The twitter feed sometimes is useful. They feel obligated to use it even when there is nothing really twitter worthy.
KVBG twitter feed



posted on Jul, 4 2013 @ 11:32 PM
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Are the GBIs a Minuteman III missile?



posted on Jul, 5 2013 @ 07:44 PM
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reply to post by darpa999
 


The Ground-Based Interceptor (GBI) missile consists of a multi-stage rocket booster that delivers a kinetic kill vehicle for exoatmospheric intercept of ballistic missile warheads. Boeing's original concept for the booster came was called the COTS (Commercial Off-the-Shelf) booster because it used three commercially available rocket stages. The GBI booster development program was transferred to Lockheed Martin Space Systems Company, which developed an improved version known as BV-Plus in 2002. Orbital Sciences Corp. (OSC) was also awarded a contract to build an alternative booster for the GBI. The OSC booster looks a lot like a Minuteman III.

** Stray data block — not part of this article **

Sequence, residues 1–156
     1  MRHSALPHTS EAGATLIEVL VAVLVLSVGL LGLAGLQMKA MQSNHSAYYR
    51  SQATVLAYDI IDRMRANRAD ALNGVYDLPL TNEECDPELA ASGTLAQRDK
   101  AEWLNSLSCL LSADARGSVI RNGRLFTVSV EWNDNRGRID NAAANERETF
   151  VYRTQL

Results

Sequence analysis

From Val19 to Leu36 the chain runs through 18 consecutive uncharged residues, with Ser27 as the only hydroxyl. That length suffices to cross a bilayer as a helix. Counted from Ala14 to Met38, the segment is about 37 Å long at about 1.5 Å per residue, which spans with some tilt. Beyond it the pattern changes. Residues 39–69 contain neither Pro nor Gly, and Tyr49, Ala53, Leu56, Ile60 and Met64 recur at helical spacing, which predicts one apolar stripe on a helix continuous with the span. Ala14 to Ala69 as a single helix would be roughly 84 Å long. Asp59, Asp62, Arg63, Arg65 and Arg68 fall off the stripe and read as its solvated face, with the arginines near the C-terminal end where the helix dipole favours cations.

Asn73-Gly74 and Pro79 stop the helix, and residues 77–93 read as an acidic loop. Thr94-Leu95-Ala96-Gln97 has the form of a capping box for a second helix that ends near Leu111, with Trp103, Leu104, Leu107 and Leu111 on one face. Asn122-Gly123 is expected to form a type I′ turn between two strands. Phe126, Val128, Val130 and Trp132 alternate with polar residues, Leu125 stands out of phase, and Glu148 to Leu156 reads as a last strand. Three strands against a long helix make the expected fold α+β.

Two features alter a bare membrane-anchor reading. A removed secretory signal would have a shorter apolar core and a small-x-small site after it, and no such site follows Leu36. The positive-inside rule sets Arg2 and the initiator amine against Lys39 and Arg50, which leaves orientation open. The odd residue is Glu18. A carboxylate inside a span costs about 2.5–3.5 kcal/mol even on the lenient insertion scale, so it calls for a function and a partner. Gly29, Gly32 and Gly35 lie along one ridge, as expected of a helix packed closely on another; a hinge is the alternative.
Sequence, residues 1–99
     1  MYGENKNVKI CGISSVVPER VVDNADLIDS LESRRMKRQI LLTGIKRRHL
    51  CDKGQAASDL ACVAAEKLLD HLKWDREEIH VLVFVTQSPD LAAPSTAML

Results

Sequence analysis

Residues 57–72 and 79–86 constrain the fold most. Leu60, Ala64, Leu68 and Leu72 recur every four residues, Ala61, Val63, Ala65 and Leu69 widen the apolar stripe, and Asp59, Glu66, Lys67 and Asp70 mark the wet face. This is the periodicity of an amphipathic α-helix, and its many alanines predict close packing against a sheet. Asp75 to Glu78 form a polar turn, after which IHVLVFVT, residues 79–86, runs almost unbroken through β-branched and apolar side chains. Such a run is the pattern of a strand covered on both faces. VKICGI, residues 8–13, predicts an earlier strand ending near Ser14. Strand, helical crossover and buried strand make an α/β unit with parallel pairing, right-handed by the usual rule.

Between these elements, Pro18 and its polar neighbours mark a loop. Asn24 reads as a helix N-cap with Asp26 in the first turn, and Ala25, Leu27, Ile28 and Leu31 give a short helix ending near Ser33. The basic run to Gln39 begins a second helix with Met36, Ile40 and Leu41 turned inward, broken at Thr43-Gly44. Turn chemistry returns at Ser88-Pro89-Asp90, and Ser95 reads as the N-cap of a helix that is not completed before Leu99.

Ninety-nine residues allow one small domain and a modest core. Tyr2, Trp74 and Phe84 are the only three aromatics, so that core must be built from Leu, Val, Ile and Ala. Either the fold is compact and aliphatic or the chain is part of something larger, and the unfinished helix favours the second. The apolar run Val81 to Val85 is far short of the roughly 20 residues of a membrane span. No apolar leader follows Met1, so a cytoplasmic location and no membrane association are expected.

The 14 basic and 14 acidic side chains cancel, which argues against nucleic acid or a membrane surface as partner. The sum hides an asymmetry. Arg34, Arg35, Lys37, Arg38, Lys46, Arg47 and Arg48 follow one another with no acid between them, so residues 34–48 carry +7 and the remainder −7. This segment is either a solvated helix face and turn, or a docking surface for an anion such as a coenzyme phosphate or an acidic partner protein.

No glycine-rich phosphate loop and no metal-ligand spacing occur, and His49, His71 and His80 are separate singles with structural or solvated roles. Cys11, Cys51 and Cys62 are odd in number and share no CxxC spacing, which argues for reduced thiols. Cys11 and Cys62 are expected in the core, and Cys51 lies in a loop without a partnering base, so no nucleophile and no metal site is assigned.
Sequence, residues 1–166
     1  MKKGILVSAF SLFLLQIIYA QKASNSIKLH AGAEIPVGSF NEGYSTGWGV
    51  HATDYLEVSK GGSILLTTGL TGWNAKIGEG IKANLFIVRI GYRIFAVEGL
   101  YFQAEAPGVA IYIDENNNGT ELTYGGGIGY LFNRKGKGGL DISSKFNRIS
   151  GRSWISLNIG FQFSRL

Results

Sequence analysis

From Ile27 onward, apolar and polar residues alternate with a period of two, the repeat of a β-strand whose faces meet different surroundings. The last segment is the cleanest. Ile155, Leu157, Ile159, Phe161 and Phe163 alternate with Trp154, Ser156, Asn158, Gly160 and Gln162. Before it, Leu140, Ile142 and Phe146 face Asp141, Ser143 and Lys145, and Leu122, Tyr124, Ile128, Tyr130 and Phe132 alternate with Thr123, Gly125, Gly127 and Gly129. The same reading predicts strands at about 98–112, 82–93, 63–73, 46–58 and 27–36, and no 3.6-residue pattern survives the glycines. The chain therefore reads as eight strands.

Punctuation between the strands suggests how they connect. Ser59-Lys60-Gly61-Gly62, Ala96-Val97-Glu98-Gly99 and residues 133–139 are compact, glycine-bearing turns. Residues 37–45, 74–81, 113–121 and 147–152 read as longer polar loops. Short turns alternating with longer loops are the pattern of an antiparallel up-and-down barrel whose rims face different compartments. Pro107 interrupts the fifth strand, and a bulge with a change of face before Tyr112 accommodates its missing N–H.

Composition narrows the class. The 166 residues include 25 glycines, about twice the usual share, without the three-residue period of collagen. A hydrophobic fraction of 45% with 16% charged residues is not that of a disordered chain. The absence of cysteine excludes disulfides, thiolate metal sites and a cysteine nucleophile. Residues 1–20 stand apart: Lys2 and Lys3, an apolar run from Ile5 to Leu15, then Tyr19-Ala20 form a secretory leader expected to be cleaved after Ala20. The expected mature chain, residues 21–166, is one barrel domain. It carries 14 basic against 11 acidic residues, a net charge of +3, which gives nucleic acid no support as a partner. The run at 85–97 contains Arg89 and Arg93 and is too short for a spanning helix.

I had a nice view of the launch from a distance of just 4 miles. It was a brief show because the missile disappeared into the low cloud deck in a few seconds, but the sound was awesome and it is always great to listen to the countdown. The viewing site was adjacent to the Ronald Reagan Memorial at Vandenberg Air Force Base. After liftoff, we awaited word on whether the primary objective, intercept of a long-range ballistic missile target launched from the Army's Reagan Test Site on Kwajalein Atoll, had been achieved. Chatter in the control room included phrases like, "There has been no indication that sep [separation] has been achieved" and "No data will leave the room." Apparently something malfunctioned (perhaps the kill vehicle failed to separate) and there was no intercept. All data were impounded pending an investigation.